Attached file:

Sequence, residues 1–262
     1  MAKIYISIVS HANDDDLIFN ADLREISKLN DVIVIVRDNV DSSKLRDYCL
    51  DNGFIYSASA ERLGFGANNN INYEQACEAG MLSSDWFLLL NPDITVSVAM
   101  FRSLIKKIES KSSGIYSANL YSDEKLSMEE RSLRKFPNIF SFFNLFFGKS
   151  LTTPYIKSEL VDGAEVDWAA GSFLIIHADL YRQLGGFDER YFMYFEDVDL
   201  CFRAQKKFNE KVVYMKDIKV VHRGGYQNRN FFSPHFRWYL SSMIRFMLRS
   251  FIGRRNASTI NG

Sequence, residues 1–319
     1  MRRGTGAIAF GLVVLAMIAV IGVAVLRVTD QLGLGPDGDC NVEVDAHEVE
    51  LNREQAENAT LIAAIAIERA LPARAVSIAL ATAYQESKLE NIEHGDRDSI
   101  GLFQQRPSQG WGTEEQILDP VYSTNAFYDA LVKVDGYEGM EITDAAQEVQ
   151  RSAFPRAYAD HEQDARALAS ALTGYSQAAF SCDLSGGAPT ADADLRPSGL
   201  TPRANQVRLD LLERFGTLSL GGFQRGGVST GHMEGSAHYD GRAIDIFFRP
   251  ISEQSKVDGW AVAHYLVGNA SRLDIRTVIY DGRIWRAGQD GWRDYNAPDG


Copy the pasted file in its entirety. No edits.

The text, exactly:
Sequence, residues 1–262
     1  MAKIYISIVS HANDDDLIFN ADLREISKLN DVIVIVRDNV DSSKLRDYCL
    51  DNGFIYSASA ERLGFGANNN INYEQACEAG MLSSDWFLLL NPDITVSVAM
   101  FRSLIKKIES KSSGIYSANL YSDEKLSMEE RSLRKFPNIF SFFNLFFGKS
   151  LTTPYIKSEL VDGAEVDWAA GSFLIIHADL YRQLGGFDER YFMYFEDVDL
   201  CFRAQKKFNE KVVYMKDIKV VHRGGYQNRN FFSPHFRWYL SSMIRFMLRS
   251  FIGRRNASTI NG

Sequence, residues 1–319
     1  MRRGTGAIAF GLVVLAMIAV IGVAVLRVTD QLGLGPDGDC NVEVDAHEVE
    51  LNREQAENAT LIAAIAIERA LPARAVSIAL ATAYQESKLE NIEHGDRDSI
   101  GLFQQRPSQG WGTEEQILDP VYSTNAFYDA LVKVDGYEGM EITDAAQEVQ
   151  RSAFPRAYAD HEQDARALAS ALTGYSQAAF SCDLSGGAPT ADADLRPSGL
   201  TPRANQVRLD LLERFGTLSL GGFQRGGVST GHMEGSAHYD GRAIDIFFRP
   251  ISEQSKVDGW AVAHYLVGNA SRLDIRTVIY DGRIWRAGQD GWRDYNAPDG